The story of “Cinderella” may have been placed in pop culture history thanks to Walt Disney, but before it was the 1950 cartoon classic, the fairy tale was incarnated as an opera, too.
To close out the season, Pensacola Opera presents Gioachino Rossini’s “Cinderella” this weekend. While there’s no glass slipper or fairy godmother, the magic of storytelling is still there.
“The story and premise are similar—a beautiful, young woman is denigrated to servitude by her family but ultimately saved by a prince,” said Pensacola Opera Artistic Director, Kyle Marrero. “Our version, Rossini’s version, is charming, beautiful, touching and more humanistic in its drama. The story is more about true love and human nature—still with comic hilarity and Disney extravagance.”
Rossini composed “Cinderella,” or “La Cenerentola” in Italian, when he was 25 years old following the success of “The Barber of Seville,” which Pensacola Opera performed last year.
“Though composed only one year later and containing discarded musical elements from ‘Barber of Seville,’ ‘Cinderella’ took longer to become part of the standard Rossini fare,” Marrero explained. “In fact, it is only within the past few decades that it has been frequently produced and admired.”
The local production of “Cinderella” is a collaboration among national and international talent, Pensacola Opera chorus and artists in residence and the Pensacola Symphony Orchestra.
“Opera is the ultimate art form,” said Music Director and Conductor Jerome Shannon. “It combines all elements of the arts. Any one of those experiences by itself is pretty spectacular. Now when you put it all together it can be incredibly powerful and almost overwhelming—that’s opera. ‘Grand’ opera is not possible without a live orchestra. The presence of the PSO is one of the most essential elements in creating the total experience.”
On and off stage, Shannon estimates about 100 people help bring an opera production such as “Cinderella” to the Saenger Theatre.
“It’s great to hear a live symphonic concert. It’s great to hear soloists sing. It’s great to hear a chorus. It’s great to view works of art—scenery, costumes, wigs, make-up—and it’s great to see live actors on the stage,” he said.
Playing the role of Cinderella is Karin Mushegain, who Marrero said is becoming well-known for this specific role, most recently with the Seattle Opera last year.
“First and foremost, there must be an innocence mixed with intelligence in any successful portrayal of Cinderella,” he said. “It also helps if the singer is beautiful. Well, we’ve got it all in Karin Mushegain.”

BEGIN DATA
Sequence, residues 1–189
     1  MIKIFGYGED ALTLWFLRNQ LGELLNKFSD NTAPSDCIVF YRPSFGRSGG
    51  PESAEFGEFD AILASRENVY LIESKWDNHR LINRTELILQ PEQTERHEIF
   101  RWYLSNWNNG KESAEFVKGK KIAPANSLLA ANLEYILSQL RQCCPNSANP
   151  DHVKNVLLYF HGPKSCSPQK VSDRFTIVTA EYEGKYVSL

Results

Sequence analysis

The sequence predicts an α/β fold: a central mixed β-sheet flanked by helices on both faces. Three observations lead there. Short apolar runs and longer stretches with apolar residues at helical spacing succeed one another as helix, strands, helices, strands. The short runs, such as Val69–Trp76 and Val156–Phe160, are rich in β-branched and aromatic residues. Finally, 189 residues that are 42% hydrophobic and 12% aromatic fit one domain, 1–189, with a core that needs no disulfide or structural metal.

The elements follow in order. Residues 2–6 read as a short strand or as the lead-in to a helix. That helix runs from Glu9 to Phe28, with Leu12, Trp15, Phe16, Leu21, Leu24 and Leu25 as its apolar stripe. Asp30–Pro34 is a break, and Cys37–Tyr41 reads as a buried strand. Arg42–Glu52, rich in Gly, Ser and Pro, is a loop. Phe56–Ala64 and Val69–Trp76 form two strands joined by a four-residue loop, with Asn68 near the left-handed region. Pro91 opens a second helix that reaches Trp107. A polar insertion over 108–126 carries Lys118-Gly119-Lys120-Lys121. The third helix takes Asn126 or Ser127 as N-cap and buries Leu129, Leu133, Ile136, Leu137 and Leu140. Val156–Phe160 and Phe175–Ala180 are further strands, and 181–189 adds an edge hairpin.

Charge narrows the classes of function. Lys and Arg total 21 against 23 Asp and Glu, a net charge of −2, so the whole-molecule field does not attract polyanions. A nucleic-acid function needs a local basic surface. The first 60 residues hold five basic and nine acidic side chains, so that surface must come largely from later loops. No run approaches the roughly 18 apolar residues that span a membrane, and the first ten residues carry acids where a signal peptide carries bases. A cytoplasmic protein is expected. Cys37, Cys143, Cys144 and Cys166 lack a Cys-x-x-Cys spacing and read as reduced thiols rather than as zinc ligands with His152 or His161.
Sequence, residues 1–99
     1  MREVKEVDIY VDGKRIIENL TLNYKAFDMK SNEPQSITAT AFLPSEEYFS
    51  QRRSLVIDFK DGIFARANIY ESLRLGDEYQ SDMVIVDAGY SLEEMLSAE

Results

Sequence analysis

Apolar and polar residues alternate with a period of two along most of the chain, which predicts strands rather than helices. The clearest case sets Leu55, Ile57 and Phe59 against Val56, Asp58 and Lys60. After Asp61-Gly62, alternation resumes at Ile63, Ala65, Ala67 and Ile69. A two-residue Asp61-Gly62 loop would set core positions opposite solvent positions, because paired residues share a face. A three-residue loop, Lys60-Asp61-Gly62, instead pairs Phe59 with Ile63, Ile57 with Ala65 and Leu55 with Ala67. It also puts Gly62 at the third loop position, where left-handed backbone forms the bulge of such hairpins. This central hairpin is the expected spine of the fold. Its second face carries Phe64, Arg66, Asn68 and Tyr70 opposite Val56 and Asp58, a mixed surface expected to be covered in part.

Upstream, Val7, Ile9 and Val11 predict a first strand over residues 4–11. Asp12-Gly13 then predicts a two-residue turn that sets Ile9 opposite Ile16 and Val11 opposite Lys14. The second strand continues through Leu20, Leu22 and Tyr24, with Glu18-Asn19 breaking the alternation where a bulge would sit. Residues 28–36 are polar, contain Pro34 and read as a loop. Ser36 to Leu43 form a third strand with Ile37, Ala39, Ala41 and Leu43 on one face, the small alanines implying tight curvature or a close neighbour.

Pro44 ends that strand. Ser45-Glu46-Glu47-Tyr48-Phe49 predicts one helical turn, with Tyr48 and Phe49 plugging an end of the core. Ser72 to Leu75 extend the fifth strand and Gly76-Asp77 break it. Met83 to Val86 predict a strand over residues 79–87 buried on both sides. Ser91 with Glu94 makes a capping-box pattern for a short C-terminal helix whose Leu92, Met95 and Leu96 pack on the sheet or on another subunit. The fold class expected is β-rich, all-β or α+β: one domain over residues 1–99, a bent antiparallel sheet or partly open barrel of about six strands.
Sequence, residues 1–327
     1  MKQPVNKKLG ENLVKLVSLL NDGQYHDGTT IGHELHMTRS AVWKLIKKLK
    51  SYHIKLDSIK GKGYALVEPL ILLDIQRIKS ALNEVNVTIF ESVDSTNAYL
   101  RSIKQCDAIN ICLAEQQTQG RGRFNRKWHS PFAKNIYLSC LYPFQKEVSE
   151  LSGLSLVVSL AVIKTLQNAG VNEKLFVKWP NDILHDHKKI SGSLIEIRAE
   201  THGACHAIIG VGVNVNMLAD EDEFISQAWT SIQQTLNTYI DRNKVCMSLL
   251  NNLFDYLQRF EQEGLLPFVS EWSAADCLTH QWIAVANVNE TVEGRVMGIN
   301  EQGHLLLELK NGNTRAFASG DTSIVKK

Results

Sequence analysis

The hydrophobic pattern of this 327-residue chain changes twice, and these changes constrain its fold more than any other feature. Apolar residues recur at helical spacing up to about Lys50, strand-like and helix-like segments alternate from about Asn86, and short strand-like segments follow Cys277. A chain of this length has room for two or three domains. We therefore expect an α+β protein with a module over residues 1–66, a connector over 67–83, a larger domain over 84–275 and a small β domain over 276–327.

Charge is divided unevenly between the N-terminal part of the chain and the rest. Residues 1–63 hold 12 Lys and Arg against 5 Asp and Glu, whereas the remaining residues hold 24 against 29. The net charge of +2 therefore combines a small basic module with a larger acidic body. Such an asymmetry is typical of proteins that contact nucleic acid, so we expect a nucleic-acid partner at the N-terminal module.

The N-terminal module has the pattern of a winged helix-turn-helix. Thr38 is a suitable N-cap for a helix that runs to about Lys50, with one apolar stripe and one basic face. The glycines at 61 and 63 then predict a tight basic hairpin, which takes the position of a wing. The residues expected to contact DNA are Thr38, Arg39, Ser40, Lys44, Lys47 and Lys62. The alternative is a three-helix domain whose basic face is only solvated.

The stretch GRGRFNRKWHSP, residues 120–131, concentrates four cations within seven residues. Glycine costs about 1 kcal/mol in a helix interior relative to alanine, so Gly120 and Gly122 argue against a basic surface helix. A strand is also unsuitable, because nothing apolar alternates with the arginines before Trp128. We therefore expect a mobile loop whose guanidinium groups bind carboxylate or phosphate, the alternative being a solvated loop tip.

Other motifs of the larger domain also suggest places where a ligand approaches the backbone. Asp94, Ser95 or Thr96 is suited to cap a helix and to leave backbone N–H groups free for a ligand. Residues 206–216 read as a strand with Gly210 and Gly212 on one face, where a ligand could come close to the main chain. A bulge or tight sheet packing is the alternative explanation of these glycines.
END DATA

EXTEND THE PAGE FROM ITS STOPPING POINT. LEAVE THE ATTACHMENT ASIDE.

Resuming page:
In traditional fashion, Pensacola Opera has prepared for its latest production with little to no preparation time. Principal performers arrive just under two weeks before the curtain rises on the Saenger stage. However, working on a Rossini opera makes rehearsals a little more effortless.
“He is actually a wonderful composer and makes the conductor’s job very easy,” Shannon said. “He was a masterful orchestrator, so he uses the instruments to create very colorful and emotive sounds.”
For anyone who was lucky enough to catch “The Barber of Seville” last year, you can expect the same upbeat and peppy tempos, as well as beautiful arrangements that surround the story of Cinderella and the prince.
“The music is absolutely gorgeous; such beautiful writing by Rossini for the voices and the orchestra,” Shannon said.
“Cinderella” is the perfect introduction to opera for any age, Marrero said.
“Children will love the energetic music, playful, funny characters and enough connection to the story they know and love,” he explained. “Parents should tell their children about the small differences. If they are anything like my four-year-old, they will wonder where the magic pumpkin, talking cats and mice are.”
Children will get the chance to delve deeper into the story of “Cinderella” with a special Tea Party event before Sunday’s matinee. Prince and princess costumes are encouraged.
“The Tea Party was a brainchild of Jennifer Knisbell in our office,” Marrero said. “Our Cinderella and Prince will arrive and mingle with kids culminating on an onstage ‘wave to the audience’ at the pre-curtain announcements before the performance.”
While it’s sad to see the 2014 Pensacola Opera season come to a close, at least “Cinderella” will provide us with a happy ending.
“It is a great pairing with Carmen—bad girl versus good girl, drama and tragic death versus true love and comedy,” Marrero said. “This season, Pensacola Opera’s 31st, has definitely been a dream come true for us with great artistic success and support from our community.”
WHEN: 7:30 p.m., Friday March 21 and 2 p.m. Sunday, March 23
WHERE: Saenger Theatre, 118 S. Palafox
COST: $20 and up
CINDERELLA TEA PARTY
WHEN: 12 p.m., Sunday March 23
WHERE: Saenger Theatre, 118 S. Palafox
COST: $70 for one child and adult, $30 for add-on tickets